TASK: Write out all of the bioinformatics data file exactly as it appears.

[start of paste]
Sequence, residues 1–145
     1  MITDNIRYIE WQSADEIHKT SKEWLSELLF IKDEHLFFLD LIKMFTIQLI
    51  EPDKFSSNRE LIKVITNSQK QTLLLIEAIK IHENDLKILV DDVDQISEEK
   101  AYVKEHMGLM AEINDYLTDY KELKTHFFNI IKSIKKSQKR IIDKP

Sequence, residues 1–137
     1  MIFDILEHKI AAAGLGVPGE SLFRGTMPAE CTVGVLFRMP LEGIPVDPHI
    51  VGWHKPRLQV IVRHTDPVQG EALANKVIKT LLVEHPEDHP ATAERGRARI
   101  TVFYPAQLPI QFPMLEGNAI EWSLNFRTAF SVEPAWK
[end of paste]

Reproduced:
Sequence, residues 1–145
     1  MITDNIRYIE WQSADEIHKT SKEWLSELLF IKDEHLFFLD LIKMFTIQLI
    51  EPDKFSSNRE LIKVITNSQK QTLLLIEAIK IHENDLKILV DDVDQISEEK
   101  AYVKEHMGLM AEINDYLTDY KELKTHFFNI IKSIKKSQKR IIDKP

Sequence, residues 1–137
     1  MIFDILEHKI AAAGLGVPGE SLFRGTMPAE CTVGVLFRMP LEGIPVDPHI
    51  VGWHKPRLQV IVRHTDPVQG EALANKVIKT LLVEHPEDHP ATAERGRARI
   101  TVFYPAQLPI QFPMLEGNAI EWSLNFRTAF SVEPAWK